So, in your case If your debt is for $40,000, we would first start by doing a budget for you and your family to see what you can afford to pay.  It does not make any sense to put someone into a Proposal that they cannot afford.  So we do a budget for you and together we decide what you can pay each month.  The Consumer Proposal has to offer better returns for the creditors than they would get in a bankruptcy, so we start off with that calculation.  If you have NO surplus income (which is a whole other topic) and so your creditors would not receive anything if you went bankrupt, then there is greater flexibility for your offer to the creditors as the bankruptcy alternative gives them nothing.  The maximum amount of time that you can be under a Consumer Proposal is 5 years so, keeping our example in mind, we determine that you can afford to offer your creditors $555 per month for 36 months (we often start out our calculations at 36 months especially when there is no surplus income) or $20,000.

Distribution to creditors would be as follows (estimated)

Total Payment to Trustee                                                         $20,000


Less

Registration fee / court fee if applicable                               $100

Trustee’s Fees/ counselling fees (all)                                     $5,319

GST                                                                                              $266

Superintendent’s Levy                                                             $716


Net amount payable as dividends                                        $13,599

Total Debt                                                                                 $50,000

Estimated Percentage Distribution                                      27.20%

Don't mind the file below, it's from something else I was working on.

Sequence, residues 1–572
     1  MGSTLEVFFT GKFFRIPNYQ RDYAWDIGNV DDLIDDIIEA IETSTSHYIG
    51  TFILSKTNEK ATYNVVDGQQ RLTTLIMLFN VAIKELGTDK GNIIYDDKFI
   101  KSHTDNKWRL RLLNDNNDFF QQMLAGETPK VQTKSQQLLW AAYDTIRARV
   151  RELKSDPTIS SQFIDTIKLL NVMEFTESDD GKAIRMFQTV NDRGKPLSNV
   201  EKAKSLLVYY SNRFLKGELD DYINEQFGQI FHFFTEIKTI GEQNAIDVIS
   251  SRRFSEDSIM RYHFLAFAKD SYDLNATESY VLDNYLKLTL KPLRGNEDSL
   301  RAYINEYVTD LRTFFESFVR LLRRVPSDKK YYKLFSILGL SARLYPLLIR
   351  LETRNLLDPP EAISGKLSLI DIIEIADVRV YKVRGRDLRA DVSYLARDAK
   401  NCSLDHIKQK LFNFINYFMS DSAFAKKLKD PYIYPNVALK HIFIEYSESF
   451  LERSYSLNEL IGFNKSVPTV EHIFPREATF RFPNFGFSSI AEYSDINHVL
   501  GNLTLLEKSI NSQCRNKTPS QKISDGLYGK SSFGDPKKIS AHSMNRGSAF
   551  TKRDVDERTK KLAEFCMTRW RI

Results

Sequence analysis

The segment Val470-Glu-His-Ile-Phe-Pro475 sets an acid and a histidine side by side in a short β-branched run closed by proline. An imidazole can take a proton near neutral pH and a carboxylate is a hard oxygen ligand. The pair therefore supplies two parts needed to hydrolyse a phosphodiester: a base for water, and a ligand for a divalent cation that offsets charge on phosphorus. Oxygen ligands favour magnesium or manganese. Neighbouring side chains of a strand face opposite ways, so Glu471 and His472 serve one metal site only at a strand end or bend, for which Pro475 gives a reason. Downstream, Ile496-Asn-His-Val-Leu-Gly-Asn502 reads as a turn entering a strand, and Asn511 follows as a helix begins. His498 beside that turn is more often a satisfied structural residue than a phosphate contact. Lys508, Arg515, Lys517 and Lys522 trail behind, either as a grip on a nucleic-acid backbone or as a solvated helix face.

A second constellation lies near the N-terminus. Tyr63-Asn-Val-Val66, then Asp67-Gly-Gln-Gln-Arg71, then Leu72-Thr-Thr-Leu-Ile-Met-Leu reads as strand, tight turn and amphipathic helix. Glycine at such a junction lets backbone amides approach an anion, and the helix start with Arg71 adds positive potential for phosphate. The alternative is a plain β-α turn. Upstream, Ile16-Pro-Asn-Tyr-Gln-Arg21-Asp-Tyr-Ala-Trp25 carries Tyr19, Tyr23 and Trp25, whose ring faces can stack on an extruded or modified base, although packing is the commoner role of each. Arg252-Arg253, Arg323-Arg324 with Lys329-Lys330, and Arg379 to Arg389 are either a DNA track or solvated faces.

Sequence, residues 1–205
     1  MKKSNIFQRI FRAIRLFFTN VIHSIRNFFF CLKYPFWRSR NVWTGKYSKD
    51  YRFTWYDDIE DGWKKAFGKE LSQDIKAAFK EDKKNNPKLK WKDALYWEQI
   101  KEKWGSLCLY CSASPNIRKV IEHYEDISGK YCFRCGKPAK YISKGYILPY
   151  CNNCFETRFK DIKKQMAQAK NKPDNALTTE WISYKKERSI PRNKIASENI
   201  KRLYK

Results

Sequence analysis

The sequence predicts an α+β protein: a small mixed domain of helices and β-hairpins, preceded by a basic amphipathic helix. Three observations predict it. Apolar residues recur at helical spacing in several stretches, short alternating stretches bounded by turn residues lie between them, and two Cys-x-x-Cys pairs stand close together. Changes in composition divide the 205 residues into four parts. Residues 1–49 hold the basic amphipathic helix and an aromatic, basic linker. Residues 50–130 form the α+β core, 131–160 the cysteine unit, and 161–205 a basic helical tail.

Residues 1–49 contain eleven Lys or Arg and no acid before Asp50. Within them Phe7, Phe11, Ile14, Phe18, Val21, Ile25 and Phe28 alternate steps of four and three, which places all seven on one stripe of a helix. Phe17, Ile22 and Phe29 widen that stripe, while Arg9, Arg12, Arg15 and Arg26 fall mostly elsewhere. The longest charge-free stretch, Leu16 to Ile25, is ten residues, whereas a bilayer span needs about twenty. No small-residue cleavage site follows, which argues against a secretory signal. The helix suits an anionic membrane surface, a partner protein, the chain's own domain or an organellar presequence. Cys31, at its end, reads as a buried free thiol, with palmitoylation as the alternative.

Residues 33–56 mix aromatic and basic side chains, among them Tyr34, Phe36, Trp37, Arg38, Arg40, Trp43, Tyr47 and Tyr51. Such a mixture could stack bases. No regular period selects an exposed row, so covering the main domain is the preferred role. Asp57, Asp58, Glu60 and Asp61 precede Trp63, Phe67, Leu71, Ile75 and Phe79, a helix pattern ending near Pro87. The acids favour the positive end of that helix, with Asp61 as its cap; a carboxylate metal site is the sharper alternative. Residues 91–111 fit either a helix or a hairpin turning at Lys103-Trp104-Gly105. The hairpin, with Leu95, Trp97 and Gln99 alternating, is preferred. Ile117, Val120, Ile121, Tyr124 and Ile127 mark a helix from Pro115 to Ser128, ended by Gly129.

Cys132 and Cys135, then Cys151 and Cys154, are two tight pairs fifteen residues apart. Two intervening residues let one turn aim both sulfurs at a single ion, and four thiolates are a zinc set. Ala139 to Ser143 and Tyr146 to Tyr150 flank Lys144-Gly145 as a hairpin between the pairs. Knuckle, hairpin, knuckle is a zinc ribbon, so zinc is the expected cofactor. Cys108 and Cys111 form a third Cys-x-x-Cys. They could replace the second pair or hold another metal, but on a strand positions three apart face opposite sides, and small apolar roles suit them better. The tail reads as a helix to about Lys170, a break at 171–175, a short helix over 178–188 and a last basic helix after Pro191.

So we in practice charge the $750 to start the Proposal process.  Generally, depending on the individual’s ability to pay, we break these up into two payments. $ 400 when you come for your sign up and then the balance 45 days later when all of the voting is done by the creditors.  By the 45-day mark we will know if the creditors will accept the proposal as filed (we generally get about a 70 % acceptance rate right off the top) while for the balance of the Proposals (the remaining 30%) the creditors ask for more money to be paid into the proposal by the debtor or for payments for a longer period of time, or both.  Once all the votes are in on day 45, you the debtor will know if your proposal is accepted as originally filed or if any counter proposal offered by the creditor is acceptable to you or not.  If you decided to not accept the counter proposal, then really your only option is to declare bankruptcy at this point.  You can’t file another Proposal on these debts; which is also another reason why we try to ensure the Proposal terms offered are really something you can afford over the long term.

It is important to understand, that acceptance of the proposal is based on 50% of the creditors who actually cast a vote – not 50% of your entire group of creditors.  So if Bank A votes yes and their debt is $10,000, but Bank C votes NO and their claim is for $5,000, (and none of your other creditors vote) the Proposal is accepted as filed because Bank A has 66% of the votes cast.  Further, in no creditors vote, it is Deemed Accepted at 100%.

Hopefully this helps a bit.  And please understand that each individual situation is different and the foregoing is just a sample situation.